As MATIF's volume today is largely concentrated on domestic interest rate products, this new environment will need adaptations in depth. The challenge for all European derivatives markets and especially for the MATIF will be to create the best market conditions in order to attract a critical mass of operators on their products and to rapidly develop the liquidity on the future Euro benchmarks.
To achieve this aim, the Euro is now considered as a key project. A project task force is now dedicated to this issue in order to design the scenario of the changeover for the MATIF. This internal task force will work together with the members to describe the best strategy to adapt MATIF products and systems through a committee of members dedicated to the single currency. This committee will render its first conclusions before the end of the year.
Concerning the adaptation of the interest rate products, the MATIF has already taken measures to ensure the continuity of the 3-month PIBOR contract. 1999 expiry months already listed will be settled against a 3-month Euro interest rate. The committee of member will have to analyze the possible complementary adjustments to be made on the contract before, and after 1999.
In the long term, our aim is to offer a Euro-denominated Treasury bond contract from the beginning of Stage 3 taking advantage of : - the liquidity of the FRF notional bond (150,000 lots a day since the beginning of the year), - and of the multi-issuers ECU bond contract which will be converted one for one in the Euro.
The rapid conversion of the French Treasury debt will provide the Notional underlying with a critical mass of Euro-denominated securities.
On the CAC 40 stock index contract, the adaptation wil be coordinated with the French Stock Exchange and the Equity option market (MONEP). The French Stock Exchange has already announced that equities will be quoted in Euro from the beginning of 1999.
Further, the quotation of commodity products listed on the Matif (sugar, potatoes rape seed and wheat) will be in Euro with a provisional parallel quotation in FRF or in DEM according to the products, if necessary.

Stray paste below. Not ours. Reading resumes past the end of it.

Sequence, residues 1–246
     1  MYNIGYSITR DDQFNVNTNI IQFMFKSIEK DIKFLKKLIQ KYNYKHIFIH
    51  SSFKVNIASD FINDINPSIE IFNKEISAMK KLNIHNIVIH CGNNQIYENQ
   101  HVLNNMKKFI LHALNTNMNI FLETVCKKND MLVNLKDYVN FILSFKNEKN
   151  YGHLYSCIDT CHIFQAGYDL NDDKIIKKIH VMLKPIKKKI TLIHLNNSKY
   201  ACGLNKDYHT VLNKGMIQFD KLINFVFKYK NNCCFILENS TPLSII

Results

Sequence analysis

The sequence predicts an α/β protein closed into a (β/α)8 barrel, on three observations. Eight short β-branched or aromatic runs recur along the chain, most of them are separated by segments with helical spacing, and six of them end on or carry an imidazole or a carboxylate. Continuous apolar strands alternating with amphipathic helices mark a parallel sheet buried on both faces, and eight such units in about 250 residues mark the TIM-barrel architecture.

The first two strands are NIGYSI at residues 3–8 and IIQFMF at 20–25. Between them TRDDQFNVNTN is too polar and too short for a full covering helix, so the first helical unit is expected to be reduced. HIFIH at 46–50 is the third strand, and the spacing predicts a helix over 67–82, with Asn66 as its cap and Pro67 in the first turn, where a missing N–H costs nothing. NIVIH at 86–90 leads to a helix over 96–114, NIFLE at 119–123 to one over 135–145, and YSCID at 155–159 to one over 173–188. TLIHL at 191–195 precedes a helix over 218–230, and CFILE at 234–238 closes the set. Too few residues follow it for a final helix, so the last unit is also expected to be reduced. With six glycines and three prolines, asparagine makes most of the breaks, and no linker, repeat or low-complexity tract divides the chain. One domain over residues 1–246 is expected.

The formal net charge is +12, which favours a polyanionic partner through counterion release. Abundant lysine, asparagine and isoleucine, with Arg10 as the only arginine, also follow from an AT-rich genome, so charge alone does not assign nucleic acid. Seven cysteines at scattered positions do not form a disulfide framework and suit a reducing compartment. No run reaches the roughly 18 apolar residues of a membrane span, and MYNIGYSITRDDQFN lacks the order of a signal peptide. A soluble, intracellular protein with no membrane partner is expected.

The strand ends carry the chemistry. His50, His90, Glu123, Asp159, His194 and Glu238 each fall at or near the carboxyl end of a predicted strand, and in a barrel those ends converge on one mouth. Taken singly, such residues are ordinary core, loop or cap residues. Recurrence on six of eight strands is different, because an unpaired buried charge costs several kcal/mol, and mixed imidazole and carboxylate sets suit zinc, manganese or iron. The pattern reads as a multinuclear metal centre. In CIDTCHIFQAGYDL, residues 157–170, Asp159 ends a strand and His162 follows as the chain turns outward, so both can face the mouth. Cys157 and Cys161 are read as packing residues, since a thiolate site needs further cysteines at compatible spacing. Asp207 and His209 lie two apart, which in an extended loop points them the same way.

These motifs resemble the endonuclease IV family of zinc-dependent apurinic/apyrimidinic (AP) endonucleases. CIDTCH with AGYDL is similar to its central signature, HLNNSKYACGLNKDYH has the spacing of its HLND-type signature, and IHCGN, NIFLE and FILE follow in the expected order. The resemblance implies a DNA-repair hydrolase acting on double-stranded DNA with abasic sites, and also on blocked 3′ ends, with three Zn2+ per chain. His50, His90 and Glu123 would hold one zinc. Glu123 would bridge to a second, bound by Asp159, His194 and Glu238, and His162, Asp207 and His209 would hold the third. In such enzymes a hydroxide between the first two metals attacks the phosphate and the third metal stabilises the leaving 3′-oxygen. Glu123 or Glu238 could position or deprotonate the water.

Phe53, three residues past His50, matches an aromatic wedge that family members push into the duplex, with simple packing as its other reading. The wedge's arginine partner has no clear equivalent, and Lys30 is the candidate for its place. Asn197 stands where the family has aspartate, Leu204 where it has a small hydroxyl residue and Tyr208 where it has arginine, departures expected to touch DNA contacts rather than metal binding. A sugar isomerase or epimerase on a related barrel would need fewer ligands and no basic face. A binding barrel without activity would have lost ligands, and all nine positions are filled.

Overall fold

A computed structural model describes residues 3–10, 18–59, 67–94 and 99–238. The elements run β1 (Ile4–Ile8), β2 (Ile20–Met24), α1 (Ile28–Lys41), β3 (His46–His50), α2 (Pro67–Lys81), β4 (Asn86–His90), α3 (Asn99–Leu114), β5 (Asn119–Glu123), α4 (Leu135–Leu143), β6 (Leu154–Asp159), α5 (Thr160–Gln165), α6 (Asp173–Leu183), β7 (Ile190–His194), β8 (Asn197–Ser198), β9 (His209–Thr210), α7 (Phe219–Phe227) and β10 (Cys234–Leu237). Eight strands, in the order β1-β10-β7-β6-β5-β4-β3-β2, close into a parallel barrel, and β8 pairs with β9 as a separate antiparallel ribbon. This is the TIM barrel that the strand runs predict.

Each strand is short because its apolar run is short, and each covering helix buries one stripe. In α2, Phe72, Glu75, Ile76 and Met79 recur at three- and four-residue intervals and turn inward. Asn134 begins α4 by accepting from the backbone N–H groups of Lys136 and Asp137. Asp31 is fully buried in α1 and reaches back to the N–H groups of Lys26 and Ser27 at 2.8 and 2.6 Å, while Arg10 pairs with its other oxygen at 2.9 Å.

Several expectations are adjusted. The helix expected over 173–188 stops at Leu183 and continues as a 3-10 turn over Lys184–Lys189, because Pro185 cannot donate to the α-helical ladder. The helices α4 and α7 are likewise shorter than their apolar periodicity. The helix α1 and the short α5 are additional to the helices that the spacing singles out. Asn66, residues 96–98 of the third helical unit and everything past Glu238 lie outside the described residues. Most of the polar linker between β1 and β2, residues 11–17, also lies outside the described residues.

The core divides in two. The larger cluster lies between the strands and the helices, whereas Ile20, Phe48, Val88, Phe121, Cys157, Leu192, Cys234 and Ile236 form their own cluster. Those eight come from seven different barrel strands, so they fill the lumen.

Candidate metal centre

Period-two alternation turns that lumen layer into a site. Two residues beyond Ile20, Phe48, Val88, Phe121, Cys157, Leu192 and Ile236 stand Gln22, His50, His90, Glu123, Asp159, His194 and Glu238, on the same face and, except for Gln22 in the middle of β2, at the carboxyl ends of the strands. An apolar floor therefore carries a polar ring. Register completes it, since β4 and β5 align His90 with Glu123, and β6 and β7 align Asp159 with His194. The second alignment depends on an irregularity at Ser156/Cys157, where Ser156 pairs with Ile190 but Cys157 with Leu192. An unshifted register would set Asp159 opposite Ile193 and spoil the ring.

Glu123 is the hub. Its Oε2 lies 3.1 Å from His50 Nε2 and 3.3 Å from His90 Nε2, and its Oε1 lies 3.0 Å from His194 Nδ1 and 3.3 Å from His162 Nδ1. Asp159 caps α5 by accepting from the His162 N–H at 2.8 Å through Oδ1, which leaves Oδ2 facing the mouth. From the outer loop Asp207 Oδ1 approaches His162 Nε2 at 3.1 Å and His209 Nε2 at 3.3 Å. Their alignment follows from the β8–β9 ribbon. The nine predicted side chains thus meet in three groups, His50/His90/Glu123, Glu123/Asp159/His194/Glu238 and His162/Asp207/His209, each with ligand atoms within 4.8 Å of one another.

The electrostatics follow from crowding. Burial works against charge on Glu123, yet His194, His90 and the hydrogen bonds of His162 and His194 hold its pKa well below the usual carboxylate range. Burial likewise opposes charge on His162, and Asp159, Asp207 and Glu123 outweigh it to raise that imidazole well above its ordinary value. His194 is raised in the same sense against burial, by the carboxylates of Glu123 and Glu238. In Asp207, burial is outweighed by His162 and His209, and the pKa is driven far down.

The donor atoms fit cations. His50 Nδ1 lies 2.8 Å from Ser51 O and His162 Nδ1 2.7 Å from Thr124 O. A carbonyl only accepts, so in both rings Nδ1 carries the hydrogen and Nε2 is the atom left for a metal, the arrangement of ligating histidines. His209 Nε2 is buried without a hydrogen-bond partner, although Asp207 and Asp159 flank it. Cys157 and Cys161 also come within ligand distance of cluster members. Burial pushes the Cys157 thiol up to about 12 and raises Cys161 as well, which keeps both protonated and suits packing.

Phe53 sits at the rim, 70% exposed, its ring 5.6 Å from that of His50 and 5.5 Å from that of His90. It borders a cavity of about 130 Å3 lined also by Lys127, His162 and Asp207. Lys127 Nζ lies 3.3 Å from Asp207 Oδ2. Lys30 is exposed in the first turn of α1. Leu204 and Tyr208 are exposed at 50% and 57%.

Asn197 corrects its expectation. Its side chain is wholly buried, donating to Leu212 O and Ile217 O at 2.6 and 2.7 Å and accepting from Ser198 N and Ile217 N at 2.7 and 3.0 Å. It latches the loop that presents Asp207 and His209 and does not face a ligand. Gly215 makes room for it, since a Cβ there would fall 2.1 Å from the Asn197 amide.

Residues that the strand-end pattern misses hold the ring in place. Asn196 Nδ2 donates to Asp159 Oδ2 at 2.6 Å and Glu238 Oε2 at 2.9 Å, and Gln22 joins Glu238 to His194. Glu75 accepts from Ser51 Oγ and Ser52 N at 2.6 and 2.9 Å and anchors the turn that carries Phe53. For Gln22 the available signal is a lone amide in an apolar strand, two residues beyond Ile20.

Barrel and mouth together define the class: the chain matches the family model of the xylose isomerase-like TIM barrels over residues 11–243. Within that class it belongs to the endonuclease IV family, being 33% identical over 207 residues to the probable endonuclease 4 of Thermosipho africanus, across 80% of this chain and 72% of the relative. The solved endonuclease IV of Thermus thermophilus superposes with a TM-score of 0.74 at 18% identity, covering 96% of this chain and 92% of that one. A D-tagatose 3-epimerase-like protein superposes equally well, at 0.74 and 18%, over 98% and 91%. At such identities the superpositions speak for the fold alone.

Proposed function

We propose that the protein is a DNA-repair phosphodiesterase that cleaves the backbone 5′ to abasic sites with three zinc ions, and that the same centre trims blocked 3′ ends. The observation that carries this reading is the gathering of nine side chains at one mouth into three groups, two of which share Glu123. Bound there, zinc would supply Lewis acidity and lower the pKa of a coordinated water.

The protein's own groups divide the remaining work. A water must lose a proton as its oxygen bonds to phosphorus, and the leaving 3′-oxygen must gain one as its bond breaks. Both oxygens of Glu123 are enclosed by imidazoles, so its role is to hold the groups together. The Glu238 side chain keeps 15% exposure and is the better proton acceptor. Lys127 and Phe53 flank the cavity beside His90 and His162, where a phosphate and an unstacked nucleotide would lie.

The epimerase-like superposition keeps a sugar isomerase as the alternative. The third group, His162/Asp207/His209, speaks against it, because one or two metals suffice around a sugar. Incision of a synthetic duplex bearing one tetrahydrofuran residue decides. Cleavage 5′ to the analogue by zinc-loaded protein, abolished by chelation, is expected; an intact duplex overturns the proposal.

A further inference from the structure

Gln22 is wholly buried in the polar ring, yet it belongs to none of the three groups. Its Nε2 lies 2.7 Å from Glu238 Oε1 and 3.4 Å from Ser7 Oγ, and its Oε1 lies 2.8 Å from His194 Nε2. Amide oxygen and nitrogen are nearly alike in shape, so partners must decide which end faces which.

It would be very difficult and certainly non cost-efficient for market operators, to maintain an activity on more than 20 derivatives exchanges within Europe due to the reduction in the number of domestic instruments.
The ability of the European derivatives markets and especially of the MATIF to attract the liquidity on the future Euro benchmark products, relies upon : - The liquidity of existing products. - The way the transition period will be managed. Until 1999, many ncertainties will remain and market behaviour should be influenced by speculations on the credibility and the irreversibility of the monetary union. In this uncertain environment, derivatives markets will need flexibility more than ever in order to seize any opportunity arising from the market. We have to keep a watchful eye on the evolution of the changeover scenario and on all the signals the market may send out. - The real implication of the membership in the changeover. - The offer of a full range of liquid Euro products as soon as the main uncertainties are removed (for example as soon as the list of the participating countries to Stage 3 of EMU is known). - A smooth transition from domestic contracts (in FRF for the MATIF) to Euro-denominated contracts.
As it is highly predictable that France will participate to EMU from 1999, and giving the existing liquidity on FRF interest rate contracts, it is obvious that the MATIF will play a main role in the future Euro interest rate curve.